An upper tribunal judge has held that fear of dogs, if linked to a disability or health condition, may be relevant to a personal independence payment (PIP) mobility award.
The claimant listed her conditions as: autism, dyslexia, dyspraxia and depression.
In her PIP questionnaire the claimant wrote:
“I am able to plan routes and travel in familiar routes. However, I have a very severe Phobia of Dogs which is a result of sensory issues from my ASD which prevents me from undertaking journeys which are unfamiliar without someone to go with me or by travelling via car. This is due to my very severe anxiety that a dog may be present in the unfamiliar route”.
The claimant was awarded zero points for the daily living and for the mobility component of PIP.
The claimant appealed and was awarded 5 points for daily living by the first tier tribunal, not enough for an award, and still got zero points for mobility.
The tribunal noted that the claimant had a degree in theoretical physics and was studying law. It appeared to find much of her evidence unconvincing and overstated.
The tribunal noted that the claimant drives her son to school, uses trains and trams and goes out alone most days. They stated that they had difficulty accepting her argument that she could not go anywhere unaccompanied in case there was a dog off the lead and that she would not suffer overwhelming psychological distress. The tribunal held that the claimant suffered from anxiety rather than depression and her fear was of dogs running free, not of going to unfamiliar places.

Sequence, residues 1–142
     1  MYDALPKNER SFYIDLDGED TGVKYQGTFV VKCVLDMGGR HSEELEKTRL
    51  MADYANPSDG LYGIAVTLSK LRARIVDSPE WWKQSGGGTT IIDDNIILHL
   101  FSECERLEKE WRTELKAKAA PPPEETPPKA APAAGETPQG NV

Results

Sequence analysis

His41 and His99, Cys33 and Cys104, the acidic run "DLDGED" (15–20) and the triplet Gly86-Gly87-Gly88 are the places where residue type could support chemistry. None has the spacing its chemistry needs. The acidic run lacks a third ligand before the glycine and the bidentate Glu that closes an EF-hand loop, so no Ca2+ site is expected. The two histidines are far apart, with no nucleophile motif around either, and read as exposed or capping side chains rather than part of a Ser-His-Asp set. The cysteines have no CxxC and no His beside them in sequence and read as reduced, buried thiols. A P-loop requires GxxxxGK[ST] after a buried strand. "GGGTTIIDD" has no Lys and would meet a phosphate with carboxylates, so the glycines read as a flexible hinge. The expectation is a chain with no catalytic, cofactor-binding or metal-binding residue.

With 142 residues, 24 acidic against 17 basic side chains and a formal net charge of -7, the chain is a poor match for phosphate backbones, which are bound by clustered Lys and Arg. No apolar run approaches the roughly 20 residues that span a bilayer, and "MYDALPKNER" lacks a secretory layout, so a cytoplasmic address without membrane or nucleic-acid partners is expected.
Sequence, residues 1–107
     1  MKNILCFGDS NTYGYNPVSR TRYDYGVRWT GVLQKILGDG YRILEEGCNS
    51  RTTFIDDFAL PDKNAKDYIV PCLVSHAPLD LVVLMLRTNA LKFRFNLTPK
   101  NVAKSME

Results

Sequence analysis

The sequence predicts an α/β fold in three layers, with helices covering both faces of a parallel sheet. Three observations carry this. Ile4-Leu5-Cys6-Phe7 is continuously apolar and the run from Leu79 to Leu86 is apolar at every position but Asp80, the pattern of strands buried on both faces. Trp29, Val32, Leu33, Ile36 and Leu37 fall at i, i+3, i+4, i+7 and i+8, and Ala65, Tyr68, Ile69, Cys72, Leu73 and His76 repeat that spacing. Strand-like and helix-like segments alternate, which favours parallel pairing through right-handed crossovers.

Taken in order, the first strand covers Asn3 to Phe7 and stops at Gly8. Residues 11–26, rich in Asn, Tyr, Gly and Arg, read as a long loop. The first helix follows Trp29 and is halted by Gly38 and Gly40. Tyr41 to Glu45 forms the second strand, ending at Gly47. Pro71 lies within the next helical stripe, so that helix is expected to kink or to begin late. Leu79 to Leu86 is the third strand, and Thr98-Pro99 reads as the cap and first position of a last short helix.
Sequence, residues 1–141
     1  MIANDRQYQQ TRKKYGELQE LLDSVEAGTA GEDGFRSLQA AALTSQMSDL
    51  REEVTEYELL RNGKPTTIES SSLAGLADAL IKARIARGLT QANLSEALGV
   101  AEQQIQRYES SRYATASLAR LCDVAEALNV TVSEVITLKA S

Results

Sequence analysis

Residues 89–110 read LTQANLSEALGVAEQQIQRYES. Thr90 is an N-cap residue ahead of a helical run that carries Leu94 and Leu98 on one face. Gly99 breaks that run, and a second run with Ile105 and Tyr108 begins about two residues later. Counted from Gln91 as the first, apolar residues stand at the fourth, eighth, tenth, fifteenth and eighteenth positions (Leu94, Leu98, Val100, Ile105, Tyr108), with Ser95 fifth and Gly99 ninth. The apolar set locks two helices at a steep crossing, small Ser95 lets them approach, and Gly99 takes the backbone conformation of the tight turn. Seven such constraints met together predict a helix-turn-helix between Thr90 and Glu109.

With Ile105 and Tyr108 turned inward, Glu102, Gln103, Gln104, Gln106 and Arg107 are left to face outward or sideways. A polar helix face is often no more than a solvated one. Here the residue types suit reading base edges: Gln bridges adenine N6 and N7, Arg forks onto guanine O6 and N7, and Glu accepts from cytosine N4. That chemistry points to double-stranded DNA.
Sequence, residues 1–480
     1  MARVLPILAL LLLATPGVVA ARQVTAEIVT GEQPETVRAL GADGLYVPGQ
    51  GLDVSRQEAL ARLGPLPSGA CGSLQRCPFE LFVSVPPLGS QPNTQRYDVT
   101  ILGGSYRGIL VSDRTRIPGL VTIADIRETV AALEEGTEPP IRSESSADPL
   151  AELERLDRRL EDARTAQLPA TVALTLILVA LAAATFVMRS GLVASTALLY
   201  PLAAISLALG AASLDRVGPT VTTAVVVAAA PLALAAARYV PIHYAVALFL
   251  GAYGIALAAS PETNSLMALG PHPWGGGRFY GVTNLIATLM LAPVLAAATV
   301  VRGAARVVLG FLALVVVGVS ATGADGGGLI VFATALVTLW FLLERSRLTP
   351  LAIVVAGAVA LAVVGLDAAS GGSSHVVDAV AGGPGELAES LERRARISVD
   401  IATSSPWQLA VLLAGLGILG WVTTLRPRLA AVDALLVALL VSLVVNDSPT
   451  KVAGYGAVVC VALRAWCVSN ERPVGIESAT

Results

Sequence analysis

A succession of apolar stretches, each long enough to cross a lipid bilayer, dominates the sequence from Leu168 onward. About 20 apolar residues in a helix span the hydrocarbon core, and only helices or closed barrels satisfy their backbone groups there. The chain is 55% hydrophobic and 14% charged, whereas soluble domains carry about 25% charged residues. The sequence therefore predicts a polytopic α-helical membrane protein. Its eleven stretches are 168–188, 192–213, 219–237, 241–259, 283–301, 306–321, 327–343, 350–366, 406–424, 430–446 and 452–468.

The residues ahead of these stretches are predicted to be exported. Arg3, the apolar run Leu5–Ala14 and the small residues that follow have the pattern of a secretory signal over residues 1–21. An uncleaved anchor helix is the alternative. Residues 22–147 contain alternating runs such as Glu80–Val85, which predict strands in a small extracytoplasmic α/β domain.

The claimant appealed to the upper tribunal.
The upper tribunal judge found that the first tier tribunal had not made it clear why they had reached the decision they did: was it because they found the claimant’s evidence to be unconvincing, that the claimant’s fear did not amount to overwhelming psychological distress or because they considered that fear of dogs was not relevant to the descriptors.
The judge held that the claimants fear of dogs could fall within the scope of descriptor 1d: Cannot follow the route of an unfamiliar journey without another person, assistance dog or orientation aid, where the fear was linked to a physical or mental health condition, in this case autism. This would be the case where the fear was so great as to lead to overwhelming psychological distress when the claimant was unaccompanied, but the presence of another person would allow them to follow the route.
The judge upheld the claimant’s appeal and sent the case back to be heard by a new tribunal.
The principle in this case could be applied to other extreme fears that claimants may have in relation to following journeys.
You can download a copy of EE v SSWP (CPIP)  UKUT 17 (AAC) from this link.